Tonight, Barack Obama coined a new phrase, as far as I can tell: “middle-class economics.”
“Will we accept an economy where only a few of us do spectacularly well?” he asked as a framing question at the beginning of his speech. “Or will we commit ourselves to an economy that generates rising incomes and chances for everyone who makes the effort?”
The implicit answer is that Republicans are rooting for the first rhetorical, and Democrats the second. The awkward part for President Obama and the White House is that inequality has hardly abated on their watch, and that the feeling that not everyone who makes the effort might see those rising incomes has sunken in.
Since the late 1970s, rising income inequality has been a rarely relenting facet of economic growth, with stock-market crashes and their ensuing recessions the only check. Now there is evidence that wealth inequality has started to grow as well, cementing the differences between the haves and the have-nots, between the 99 percent and the one percent.
This has been one of the central, underlying challenges of both Democratic and Republican administrations stretching back two decades. Even with unemployment back to 5.6 percent, even with the most robust economy we have seen since the late 1990s, millions of American families feel squeezed by stagnant earnings and rising costs. The flight of dollars to the hands of the already wealthy is both symptom and cause. And the two political parties remain utterly and completely at odds as to how to solve that problem.
On Tuesday, Obama reiterated his party’s long-proffered raft of proposals to tackle it, along with some new additions. For the rich, higher taxes on investment income, on inheritors, on big banks, on huge retirement accounts. For the lower income, bigger tax credits. For infrastructure, investment. And then Republicans offered their often-repeated fixes. Fewer regulations. Lower taxes. The repeal of the Affordable Care Act.
If it all feels a little steady-state, that is because it is. Obama’s proposed something like the domestic policies in this speech a thousand times before. Republicans have swatted those policies down just as many times. But on Tuesday, he made them again forcefully. “Middle-class economics means helping working families feel more secure in a world of constant change,” he said, arguing for a larger government role in the security of average families. “That means helping folks afford child care, college, health care, a home, retirement — and my budget will address each of these issues, lowering the taxes of working families and putting thousands of dollars back into their pockets each year.”
And he staked a yet stronger claim — not just that his proposals are the right proposals, but that they have shown themselves to be the right proposals. “Middle-class economics works,” he said. “Expanding opportunity works. And these policies will continue to work, as long as politics don’t get in the way. We can’t slow down businesses or put our economy at risk with government shutdowns or fiscal showdowns. We can’t put the security of families at risk by taking away their health insurance or unraveling the new rules on Wall Street or refighting past battles on immigration.”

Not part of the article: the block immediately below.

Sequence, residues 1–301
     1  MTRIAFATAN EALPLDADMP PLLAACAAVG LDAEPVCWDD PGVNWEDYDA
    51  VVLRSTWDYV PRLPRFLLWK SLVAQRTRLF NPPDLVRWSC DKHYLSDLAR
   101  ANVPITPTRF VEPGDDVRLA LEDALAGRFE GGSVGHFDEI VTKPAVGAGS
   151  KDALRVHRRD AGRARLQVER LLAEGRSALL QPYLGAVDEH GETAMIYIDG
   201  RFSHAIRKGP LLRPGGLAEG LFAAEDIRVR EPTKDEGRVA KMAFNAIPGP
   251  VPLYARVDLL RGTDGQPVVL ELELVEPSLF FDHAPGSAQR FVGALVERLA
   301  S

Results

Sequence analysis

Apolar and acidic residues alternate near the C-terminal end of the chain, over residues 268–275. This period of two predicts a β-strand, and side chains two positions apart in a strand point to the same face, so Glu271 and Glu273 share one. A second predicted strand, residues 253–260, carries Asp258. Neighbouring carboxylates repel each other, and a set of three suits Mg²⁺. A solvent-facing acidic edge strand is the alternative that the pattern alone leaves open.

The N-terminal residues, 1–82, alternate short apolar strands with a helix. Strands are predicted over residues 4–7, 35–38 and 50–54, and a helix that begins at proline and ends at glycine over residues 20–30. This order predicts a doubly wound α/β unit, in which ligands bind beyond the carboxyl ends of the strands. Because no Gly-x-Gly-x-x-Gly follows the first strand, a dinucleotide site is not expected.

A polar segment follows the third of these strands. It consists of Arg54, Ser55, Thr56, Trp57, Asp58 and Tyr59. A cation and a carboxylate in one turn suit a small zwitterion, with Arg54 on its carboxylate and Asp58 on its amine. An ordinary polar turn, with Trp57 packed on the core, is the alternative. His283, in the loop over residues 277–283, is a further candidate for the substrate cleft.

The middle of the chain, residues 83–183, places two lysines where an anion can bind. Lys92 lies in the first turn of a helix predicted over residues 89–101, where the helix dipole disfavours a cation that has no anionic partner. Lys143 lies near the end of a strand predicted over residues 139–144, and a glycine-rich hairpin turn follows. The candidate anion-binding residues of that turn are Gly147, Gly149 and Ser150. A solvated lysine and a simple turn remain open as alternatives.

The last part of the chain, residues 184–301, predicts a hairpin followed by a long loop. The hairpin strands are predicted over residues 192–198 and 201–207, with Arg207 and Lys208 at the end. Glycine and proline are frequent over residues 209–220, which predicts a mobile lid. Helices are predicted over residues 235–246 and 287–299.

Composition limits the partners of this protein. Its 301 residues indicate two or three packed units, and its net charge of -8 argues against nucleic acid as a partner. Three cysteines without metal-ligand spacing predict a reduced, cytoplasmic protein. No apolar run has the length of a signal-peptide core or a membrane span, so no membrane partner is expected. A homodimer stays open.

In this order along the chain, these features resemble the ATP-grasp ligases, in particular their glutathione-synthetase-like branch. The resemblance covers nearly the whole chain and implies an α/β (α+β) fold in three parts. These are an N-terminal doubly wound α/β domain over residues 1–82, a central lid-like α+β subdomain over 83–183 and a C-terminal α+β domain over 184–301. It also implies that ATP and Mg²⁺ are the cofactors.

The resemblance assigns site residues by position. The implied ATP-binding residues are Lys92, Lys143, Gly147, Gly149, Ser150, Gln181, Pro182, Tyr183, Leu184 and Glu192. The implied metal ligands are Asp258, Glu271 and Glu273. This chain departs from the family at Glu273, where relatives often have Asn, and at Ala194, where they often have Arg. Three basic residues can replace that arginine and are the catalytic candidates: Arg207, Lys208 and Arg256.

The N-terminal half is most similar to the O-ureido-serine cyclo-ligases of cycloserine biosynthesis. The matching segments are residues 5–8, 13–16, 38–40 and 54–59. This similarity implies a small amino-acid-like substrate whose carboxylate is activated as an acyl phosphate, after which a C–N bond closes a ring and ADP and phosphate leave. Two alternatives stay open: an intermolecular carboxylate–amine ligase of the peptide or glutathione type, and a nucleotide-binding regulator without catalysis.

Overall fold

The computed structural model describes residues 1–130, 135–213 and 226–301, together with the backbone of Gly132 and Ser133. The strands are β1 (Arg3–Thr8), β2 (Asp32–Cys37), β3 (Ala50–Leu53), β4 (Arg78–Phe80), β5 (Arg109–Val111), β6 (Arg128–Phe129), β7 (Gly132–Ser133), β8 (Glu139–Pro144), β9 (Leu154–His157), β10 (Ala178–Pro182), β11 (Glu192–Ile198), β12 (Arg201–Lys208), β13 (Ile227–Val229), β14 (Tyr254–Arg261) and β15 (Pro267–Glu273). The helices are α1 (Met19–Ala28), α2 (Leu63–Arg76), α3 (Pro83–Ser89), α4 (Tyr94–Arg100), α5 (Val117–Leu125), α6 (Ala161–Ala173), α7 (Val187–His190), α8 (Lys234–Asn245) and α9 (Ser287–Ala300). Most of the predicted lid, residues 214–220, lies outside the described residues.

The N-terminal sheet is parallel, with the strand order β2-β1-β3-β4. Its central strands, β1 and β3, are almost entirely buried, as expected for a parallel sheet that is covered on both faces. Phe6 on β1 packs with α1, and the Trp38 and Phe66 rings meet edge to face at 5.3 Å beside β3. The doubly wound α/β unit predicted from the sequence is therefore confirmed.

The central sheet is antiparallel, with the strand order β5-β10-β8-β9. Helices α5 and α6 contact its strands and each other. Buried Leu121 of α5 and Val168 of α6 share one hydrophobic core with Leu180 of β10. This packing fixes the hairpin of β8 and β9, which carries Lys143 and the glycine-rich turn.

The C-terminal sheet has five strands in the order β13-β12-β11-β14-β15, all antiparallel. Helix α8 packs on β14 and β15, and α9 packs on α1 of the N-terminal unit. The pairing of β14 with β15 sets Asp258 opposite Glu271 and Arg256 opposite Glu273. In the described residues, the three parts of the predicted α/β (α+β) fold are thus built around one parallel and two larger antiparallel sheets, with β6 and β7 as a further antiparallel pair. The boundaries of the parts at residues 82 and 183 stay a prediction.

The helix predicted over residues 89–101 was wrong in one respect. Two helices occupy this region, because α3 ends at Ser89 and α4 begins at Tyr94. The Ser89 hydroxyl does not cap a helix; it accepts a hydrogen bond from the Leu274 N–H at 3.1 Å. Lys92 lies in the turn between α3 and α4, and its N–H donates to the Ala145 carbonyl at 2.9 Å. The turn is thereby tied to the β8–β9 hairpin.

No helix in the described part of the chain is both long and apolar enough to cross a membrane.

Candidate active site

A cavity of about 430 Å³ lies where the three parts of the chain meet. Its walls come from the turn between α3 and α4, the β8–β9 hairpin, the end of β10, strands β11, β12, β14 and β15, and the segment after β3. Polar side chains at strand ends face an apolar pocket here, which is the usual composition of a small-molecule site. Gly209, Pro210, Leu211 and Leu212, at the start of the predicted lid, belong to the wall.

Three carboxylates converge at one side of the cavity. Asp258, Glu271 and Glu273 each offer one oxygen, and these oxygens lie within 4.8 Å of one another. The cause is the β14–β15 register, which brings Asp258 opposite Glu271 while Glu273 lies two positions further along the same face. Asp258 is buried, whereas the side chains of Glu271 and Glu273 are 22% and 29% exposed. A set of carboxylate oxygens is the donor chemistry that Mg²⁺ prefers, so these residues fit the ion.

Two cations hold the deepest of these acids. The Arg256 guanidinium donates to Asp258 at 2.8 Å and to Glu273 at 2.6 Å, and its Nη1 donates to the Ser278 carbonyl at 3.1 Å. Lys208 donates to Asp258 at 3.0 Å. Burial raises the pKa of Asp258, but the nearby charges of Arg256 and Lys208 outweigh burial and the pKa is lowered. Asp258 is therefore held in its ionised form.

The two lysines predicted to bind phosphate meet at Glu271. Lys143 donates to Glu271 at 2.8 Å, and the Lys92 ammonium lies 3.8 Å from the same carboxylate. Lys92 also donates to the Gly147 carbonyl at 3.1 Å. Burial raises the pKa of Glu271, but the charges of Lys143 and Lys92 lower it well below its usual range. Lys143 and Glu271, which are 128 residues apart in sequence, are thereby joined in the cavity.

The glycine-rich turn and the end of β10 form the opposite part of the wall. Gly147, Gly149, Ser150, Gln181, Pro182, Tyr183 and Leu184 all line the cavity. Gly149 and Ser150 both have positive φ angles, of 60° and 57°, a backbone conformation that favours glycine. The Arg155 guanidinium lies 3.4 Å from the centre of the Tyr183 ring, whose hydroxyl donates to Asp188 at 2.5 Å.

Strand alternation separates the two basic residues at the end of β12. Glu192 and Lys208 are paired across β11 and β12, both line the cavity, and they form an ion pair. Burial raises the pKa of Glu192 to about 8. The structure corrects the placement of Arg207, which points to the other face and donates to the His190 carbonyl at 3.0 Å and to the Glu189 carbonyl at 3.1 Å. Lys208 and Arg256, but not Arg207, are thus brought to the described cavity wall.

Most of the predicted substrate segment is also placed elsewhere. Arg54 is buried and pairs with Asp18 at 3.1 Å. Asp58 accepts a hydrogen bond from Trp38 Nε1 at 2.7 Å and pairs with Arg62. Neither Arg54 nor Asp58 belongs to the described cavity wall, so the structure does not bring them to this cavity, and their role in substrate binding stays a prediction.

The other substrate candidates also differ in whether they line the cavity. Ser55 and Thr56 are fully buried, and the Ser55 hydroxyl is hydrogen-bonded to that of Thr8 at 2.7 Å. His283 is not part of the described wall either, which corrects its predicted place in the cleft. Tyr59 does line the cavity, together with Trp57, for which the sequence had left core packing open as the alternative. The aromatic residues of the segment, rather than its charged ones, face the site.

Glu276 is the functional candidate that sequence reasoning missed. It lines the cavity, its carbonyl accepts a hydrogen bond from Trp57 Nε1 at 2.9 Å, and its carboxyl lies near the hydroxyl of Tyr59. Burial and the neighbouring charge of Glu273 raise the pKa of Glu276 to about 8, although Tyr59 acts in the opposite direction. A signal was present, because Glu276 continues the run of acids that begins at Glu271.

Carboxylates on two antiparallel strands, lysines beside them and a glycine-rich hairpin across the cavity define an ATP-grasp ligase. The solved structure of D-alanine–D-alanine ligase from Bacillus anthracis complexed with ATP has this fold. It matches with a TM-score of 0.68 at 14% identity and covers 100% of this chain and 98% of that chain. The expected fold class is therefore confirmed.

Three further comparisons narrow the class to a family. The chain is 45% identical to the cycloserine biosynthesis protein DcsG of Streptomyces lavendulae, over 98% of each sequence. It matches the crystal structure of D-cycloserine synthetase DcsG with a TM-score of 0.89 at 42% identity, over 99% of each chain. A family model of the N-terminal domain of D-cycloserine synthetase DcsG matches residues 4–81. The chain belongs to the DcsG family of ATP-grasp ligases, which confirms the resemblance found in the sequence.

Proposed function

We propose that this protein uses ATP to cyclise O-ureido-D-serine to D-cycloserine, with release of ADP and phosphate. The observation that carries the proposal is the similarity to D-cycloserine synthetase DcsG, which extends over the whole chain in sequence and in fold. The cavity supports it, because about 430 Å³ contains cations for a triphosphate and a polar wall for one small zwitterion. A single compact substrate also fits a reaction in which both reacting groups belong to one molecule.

This seems like the soft spot of his otherwise athletic, optimistic argument. Yes, the Obama administration has overseen a period of extraordinary job growth and deficit shrinkage. Unemployment has dropped. Gas prices are below $2 a gallon in some parts, and there are tentative signs that wages are starting to pick up. But — as Republicans have often pointed out — middle-class incomes have not risen. Wages remain stuck. Poverty rates remain uncomfortably high. And the labor-force participation rate remains low. One of Obama’s top former economic officials, Larry Summers, has started warning about “secular stagnation” that might afflict growth rates for years to come.
But the truth is that many of Obama’s proposals would or will help those aggrieved middle-class families. The Affordable Care Act is at its heart a piece of redistributive legislation, taxing the rich to provide health care to lower-income families and limiting the financial burden insurers can place on American households. His stimulus plan sought to stabilize the markets and jump-start the economy when lower-income families were hurting the worst.
Many other more forward-facing plans have failed to pass, to be sure, and those Obama proposed on Tuesday almost certainly will as well. But tonight we saw an Obama like the one we saw on the campaign trail — fired up, optimistic, discursive, happy-hearted, and historical. Tonight we saw an Obama who decried Washington but still seemed convinced in hope and change. Tonight we saw Obama thunder, trumpet, and staccato-shout his policies, despite the nonexistent odds they have of passage. And the fact that the economy has turned around so much seemed to give him hope that the middle class would start feeling better, even if Washington never helps.